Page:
Baseball hasn't seen the last of Nelson Cruz.
Or Jhonny Peralta, Everth Cabrera, Alex Rodriguez or any of the other players suspended Monday for using performance-enhancing drugs .
And that's a problem. Because as long as cheating gets you no more time off than a strained muscle would, there's little chance the sport will ever become clean.
"Fifty games?" Angels Manager Mike Scioscia said of the suspension for a first-time drug user. "That's about what a hamstring pull is."
In other words, it's a penalty that hardly fits the crime. If that wasn't obvious enough before Monday, it certainly is now. The suspensions of the Biogenesis 13 has galvanized opposition to baseball's drug culture in the one place where it can have the most effect: the clubhouse.
Fifty games? Baltimore Orioles outfielder Nick Markakis wants at least a five-year suspension for first offenders.
"If I go out there and rob a convenience store, I know the consequences that are coming with it," he said. "We are all adults here."
Eight years ago, the players' union had to be dragged kicking and screaming into an agreement that included a 10-day suspension for a failed drug test. Now players are talking about lifetime bans.
"Everyone wants to get this out of the game," said pitcher Chris Capuano, a Dodgers union representative. "Whether we're going to see stiffer penalties going forward or something more after this, this is another good step in the right direction."
Michael Weiner, the union's leader, said the idea of tougher suspensions came up last winter and he expects it will be discussed with new urgency at the union's executive board meeting in December.
"There is no question there are players who are in favor of higher penalties," he said. "If that's what the players want, that's what they're going to get."
Meantime, Weiner and the union will be defending New York Yankees third baseman Rodriguez, the one player suspended Monday who said he would appeal his ban.
Weiner is in a tough spot.
Rodriguez has confessed to using PEDs earlier in his career. Major League Baseball says it has evidence that not only shows Rodriguez continued to use banned drugs, but he tried to cover it up by interfering with an eight-month investigation into Biogenesis, the shuttered South Florida anti-aging clinic at the center of this latest scandal.
Yet, Rodriguez, the highest-paid player in the game, will continue to draw his salary with Weiner in his corner as an enabler — exactly the kind of hypocrisy rank-and-final union members want to end.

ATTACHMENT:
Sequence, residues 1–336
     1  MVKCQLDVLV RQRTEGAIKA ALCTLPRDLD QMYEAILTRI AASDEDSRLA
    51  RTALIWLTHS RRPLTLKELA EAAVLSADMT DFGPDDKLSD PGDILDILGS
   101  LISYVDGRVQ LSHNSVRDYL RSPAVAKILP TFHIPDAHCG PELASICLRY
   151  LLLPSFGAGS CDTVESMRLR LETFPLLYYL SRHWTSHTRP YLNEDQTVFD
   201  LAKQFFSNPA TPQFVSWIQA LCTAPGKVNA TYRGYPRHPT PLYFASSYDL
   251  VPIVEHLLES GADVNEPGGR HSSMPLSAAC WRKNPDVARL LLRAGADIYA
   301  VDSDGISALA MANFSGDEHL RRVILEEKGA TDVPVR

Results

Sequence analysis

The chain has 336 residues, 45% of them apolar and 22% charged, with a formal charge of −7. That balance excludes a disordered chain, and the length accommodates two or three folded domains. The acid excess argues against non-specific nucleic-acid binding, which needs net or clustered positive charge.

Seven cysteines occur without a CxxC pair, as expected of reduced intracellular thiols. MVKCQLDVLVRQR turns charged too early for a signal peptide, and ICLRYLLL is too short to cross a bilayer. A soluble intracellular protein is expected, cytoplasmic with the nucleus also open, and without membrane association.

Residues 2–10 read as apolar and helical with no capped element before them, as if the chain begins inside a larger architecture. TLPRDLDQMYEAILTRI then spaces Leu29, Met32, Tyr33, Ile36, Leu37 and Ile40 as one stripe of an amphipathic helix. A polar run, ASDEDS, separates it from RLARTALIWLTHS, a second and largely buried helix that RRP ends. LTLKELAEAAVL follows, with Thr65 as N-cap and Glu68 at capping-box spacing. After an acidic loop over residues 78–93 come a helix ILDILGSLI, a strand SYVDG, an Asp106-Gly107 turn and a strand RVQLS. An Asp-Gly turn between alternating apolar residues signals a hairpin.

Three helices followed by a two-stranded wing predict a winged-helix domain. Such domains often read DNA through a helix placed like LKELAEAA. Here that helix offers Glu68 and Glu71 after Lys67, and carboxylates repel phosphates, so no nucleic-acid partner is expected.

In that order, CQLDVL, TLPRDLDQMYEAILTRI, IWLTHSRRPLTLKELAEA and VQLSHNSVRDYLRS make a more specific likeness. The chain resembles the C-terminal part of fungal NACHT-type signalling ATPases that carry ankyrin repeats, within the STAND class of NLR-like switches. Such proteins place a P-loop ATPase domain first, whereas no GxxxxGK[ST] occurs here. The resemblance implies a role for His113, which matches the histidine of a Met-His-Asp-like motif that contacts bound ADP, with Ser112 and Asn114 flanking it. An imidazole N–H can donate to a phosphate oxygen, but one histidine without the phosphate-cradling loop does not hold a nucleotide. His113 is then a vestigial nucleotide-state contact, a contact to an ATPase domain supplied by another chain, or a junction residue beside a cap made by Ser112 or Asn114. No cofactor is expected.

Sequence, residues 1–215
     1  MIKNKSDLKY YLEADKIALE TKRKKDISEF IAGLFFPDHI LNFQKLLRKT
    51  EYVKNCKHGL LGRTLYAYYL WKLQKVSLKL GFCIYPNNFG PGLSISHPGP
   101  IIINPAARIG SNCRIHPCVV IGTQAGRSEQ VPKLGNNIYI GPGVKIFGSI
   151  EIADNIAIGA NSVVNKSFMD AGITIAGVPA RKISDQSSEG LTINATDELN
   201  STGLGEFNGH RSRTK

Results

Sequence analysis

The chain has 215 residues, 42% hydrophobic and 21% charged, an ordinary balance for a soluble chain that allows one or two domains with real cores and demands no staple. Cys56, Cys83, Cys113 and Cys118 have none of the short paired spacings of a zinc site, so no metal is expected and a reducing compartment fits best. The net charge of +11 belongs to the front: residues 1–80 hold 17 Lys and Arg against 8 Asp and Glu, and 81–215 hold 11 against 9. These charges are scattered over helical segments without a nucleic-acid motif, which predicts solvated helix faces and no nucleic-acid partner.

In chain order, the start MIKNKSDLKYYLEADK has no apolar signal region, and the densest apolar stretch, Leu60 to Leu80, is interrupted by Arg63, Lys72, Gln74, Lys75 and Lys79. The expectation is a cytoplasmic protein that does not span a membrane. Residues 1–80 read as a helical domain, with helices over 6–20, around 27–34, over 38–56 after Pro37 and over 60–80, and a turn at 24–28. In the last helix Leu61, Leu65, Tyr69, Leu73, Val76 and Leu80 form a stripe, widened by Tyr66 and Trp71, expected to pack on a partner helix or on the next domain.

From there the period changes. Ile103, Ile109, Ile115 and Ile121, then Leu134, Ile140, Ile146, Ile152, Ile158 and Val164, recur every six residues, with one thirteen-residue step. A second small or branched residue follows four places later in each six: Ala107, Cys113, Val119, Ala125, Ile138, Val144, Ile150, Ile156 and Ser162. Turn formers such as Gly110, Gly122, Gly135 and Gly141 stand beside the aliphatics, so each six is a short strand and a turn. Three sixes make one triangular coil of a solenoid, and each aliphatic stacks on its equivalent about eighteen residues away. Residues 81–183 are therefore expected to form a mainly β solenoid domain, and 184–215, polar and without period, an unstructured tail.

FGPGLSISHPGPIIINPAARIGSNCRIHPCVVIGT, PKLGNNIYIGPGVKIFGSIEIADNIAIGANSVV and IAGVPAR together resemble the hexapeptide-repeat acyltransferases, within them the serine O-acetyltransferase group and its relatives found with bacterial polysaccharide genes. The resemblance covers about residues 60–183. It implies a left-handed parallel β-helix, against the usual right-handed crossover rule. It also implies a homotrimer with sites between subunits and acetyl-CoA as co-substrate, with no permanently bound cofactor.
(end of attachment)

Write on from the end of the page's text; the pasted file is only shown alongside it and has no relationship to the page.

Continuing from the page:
"Something needs to be done, because it's still going on," said Baltimore reliever Darren O'Day, the Orioles' assistant union representative.
Rodriguez isn't the only prominent player who has been rewarded for breaking the rules. Cruz and Peralta will probably return to their teams in time for the playoffs, where they'll have a chance to win an extra $400,000 if their teams — the Texas Rangers and Detroit Tigers, respectively — win the World Series.
Both players, selected All-Stars this season, are also likely to cash in big as free agents this off-season. Cruz, who averaged 27 home runs over the last five seasons, will be the top right-handed slugging outfielder on the market; Peralta, who raised his batting average 66 points this season, will the best-hitting shortstop.
Over the last three seasons, only two players suspended for drug use played for less money the next season — and four made at least $1 million more.
It's unlikely that Monday's suspensions will stem that tide — not with Rodriguez still owed nearly $100 million by the Yankees and Ryan Braun, who agreed to a 65-game suspension last month, due $117 million from the Milwaukee Brewers.
But the suspensions have started a discussion in clubhouses all over baseball, and that is already leading to calls from the union for stricter penalties and fewer rewards. And when was the last time you heard a union ask management for tougher regulations?
"It's evolving," Scioscia said. "I remember when the suspensions, at first, were none. It was a fine. As time goes on you might see some deeper penalties.
"But the message is clear. It's coming as strongly from the players' association as it is from Major League Baseball. That's why I think this thing will grab legs and hopefully get cleaned up."
Times staff writers Mike DiGiovanna and Jim Peltz contributed to this report.Copyright © 2015, Los Angeles Times